In one scene in Godard’s La Chinoise, Guillaume (played by a Godard favorite, Jean-Pierre Léaud) tells an anecdote concerning a young Chinese student who has his face covered in bandages during a protest in Moscow, yelling and screaming while he denounces the truculent violence of the Russian police. The press rushes over and as the student removes his bandages and those around him expect to see a cut or battered face, they instead find that he is perfectly unharmed. Guillaume goes on to argue that in their angered frustration the journalists failed to realize what had just taken place. It was theater. Real theater. A “reflection on reality, like Brecht or Shakespeare.”
Matthew Johnson is producer, editor, actor, and director in his debut feature-length film The Dirties, which delves into meta-linguistic territory and centers itself on the well-known postmodernist trope of blurring the line between reality and fiction. It chronicles a few weeks into the lives of two high school kids, Matt and Owen (played by Matt Johnson himself and Owen Williams). While Matt’s maniac hyperactivity is contrasted with Owen’s soft spoken boyish shyness, they are both bound together by the fact that they only have each other as friends. At first glance, The Dirties works within the structure and boundaries of the found footage genre, going so far as featuring an opening disclaimer as to how the footage we are about to witness was not tampered with in any way. It soon becomes apparent however, that the third party, the supposed cameraman, functions more as a formal cinematic mechanism than a real lifelike character (apparently, in an earlier cut of the film, this third element was featured as an actual character; I’m glad that somewhere along the line the choice was made to remove him from this position).
With their bedrooms littered with pop-culture references, the two film-obsessed main characters are directing a film for a school project. While The Dirties (the school project) references the world of Quentin Tarantino, Christopher Nolan, and other similar fan favorite directors in the teenage movie nerd demographic, The Dirties (the feature film) is as much indebted to Godard’s formalist satire as to Haneke’s reflections on voyeuristic violence (minus the annoying moralist undertones). The film that Matt and Owen are making for their project is built upon a series of homages and references to recent cinematic history as it tells the story of their revenge on The Dirties, a gang of bullies in their school. Their creation is both an empowering and frustrating experience since, when it’s all over and done with, The Dirties have not disappeared and it only leads to further violence and torment towards the duo. Matt gradually sinks deeper into his revenge fantasy, increasingly blurring his cinematic project with an actual plan to murder his high school tormentors. This may all sound very dark and bleak, but The Dirties truly excels in its dark humor and in presenting the two main characters in a surprisingly empathetic — even if not necessarily relatable — light.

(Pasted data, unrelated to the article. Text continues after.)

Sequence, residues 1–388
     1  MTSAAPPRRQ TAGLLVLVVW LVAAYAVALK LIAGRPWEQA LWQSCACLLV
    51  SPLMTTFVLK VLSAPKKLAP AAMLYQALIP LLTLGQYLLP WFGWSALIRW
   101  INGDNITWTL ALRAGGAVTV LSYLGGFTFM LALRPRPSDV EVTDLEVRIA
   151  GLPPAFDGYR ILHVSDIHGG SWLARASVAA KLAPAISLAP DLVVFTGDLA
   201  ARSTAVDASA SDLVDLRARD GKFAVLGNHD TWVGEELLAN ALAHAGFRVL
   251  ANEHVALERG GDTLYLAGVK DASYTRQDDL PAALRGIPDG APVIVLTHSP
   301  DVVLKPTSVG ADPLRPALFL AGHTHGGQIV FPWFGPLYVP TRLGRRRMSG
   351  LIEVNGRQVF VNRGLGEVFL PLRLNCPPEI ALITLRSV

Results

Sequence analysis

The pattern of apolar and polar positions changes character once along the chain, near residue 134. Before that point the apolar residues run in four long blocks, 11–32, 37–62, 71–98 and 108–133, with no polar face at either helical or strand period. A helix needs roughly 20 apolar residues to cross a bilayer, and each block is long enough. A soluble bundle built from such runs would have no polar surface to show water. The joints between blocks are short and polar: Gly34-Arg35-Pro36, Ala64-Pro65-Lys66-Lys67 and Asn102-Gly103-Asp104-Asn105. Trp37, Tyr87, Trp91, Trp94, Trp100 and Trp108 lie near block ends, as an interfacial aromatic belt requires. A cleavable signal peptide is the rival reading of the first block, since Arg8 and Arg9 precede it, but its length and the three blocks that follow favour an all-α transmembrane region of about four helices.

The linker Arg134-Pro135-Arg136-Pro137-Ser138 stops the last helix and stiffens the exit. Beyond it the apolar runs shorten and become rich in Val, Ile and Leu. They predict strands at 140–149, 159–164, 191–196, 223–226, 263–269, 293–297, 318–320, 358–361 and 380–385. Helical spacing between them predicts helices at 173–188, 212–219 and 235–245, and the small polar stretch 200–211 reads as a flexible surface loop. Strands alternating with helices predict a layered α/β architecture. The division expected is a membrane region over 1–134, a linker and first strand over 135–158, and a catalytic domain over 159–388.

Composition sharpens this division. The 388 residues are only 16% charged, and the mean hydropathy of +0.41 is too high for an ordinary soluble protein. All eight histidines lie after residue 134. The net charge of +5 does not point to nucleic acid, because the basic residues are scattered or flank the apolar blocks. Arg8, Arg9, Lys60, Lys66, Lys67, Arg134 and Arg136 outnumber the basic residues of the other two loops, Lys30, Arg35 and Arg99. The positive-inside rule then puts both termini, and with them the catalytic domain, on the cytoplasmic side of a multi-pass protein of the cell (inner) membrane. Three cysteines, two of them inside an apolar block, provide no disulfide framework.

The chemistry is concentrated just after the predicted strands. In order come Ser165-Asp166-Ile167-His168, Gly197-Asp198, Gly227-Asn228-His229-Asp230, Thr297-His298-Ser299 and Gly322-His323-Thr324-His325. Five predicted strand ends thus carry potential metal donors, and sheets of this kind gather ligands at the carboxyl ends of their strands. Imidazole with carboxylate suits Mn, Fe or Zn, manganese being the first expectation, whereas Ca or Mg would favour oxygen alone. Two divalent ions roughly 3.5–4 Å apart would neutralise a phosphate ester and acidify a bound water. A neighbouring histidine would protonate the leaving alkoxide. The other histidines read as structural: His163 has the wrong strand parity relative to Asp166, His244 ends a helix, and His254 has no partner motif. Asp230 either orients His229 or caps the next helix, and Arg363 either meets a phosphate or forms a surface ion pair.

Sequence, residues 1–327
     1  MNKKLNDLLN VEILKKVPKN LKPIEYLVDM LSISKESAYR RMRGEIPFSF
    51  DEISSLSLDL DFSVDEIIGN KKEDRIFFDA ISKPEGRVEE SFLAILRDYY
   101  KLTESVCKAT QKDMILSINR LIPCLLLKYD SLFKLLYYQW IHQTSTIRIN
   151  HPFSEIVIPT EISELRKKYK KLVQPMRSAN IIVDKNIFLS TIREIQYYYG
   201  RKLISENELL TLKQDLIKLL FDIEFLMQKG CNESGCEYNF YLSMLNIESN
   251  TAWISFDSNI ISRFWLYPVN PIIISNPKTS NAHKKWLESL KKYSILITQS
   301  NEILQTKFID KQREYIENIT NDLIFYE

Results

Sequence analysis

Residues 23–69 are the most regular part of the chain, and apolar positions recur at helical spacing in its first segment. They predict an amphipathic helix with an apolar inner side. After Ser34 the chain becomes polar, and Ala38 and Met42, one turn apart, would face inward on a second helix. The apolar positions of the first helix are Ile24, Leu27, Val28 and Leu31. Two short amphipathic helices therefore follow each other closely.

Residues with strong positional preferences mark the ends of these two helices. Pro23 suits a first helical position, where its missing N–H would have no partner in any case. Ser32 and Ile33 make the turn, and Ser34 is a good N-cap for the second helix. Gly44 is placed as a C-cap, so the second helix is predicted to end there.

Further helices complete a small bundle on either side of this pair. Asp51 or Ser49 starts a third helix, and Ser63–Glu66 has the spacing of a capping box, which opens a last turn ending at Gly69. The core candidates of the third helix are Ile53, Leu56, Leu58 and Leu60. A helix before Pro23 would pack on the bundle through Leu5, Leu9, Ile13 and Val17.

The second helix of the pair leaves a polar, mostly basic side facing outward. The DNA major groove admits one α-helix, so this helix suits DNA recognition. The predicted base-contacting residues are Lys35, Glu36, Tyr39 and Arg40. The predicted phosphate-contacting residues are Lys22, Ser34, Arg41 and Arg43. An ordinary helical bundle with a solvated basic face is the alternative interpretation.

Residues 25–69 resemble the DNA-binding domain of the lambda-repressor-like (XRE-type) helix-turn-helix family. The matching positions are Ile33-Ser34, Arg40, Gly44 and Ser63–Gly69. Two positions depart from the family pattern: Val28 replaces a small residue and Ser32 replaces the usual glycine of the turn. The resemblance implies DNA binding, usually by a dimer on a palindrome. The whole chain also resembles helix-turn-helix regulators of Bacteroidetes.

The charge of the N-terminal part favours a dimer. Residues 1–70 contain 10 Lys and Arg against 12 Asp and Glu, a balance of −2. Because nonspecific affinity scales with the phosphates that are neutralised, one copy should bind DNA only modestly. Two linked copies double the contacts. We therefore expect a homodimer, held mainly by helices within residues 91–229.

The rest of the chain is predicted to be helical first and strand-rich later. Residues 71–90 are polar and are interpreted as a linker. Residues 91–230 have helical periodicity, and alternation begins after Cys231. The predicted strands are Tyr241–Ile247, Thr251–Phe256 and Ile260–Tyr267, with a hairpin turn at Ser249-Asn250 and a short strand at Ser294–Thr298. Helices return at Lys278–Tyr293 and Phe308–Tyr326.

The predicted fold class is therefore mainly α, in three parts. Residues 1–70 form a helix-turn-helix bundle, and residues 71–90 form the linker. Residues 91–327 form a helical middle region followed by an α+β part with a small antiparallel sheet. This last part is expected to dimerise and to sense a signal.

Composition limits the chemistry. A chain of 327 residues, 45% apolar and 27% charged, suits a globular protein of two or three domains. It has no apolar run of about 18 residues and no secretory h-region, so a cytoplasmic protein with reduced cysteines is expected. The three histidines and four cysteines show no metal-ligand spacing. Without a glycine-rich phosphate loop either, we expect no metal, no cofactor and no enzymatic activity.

One of the most striking aspects of the school shooting phenomenon is at how quickly it evolved into a social institution, that is, a socially expected outcome and configured response to a certain experience. It is no longer an exceptional situation that consumes weeks of CNN on the clock coverage. And gone is the time when school shootings could be dismissed as a freak occurrence, an unparalleled act carried out by “mentally unstable kids.” It has evolved into an institutionalized response to a complex and critical social issue: intolerance and bullying. Johnson skillfully explores this idea through Matt’s increasing obsession in attempting to perfectly reconstruct the clichés and stereotypes behind the act of performing a school shooting. In one particularly significant moment, Matt tries on different t-shirts and clothes, wondering which one would be best suited for carrying out the mass murder of his school peers. As he asks for the opinion of the mystery cameraman (i.e. ourselves, the spectator) he adds, “You have to picture how it’s going to look like covered in blood.” Likewise, Matt at one point also suggests they check out all copies of The Catcher in the Rye from the library because, you know, it’ll be funny since that’s what crazy killer sociopath killers do.
Johnson knows he’s dealing with a difficult subject matter and never once does he hide behind ironic detachment, instead using these tropes and references as a way of bringing his characters to life and to invite us to relate to them via our own fantasies of cool aestheticized violence. Unlike the aesthetic experimentalism of Gus Van Sant’s Elephant, The Dirties examines the personal and subjective path its characters tread before they reach a final desperate moment of extreme action. Whereas Owen slowly seems to find his place in the harsh world of high school social acceptance by means of his romantic crush, Matt is increasingly frustrated and cannot find a way out of his victimized situation. He sees himself as unjustly ostracized, unreasonably tormented by the “bad guys.” The solution is handed out to him through of an individualized, gun-obsessed, hero-centered, revenge-fetish culture in which the response to bullying has already been solidly paved out by those who came before him.
Even though the funny and the tragic are intertwined just as much as the lowbrow and highbrow, there are some truly dark moments in The Dirties and Johnson skillfully navigates his way through a stack of cinematic references in what could have otherwise turned out to be a disjointed schizophrenic mess. Filmed with a shoestring budget and with a cast mostly comprised of amateur actors, The Dirties is an inspiring example of just how much can be achieved with so few material resources.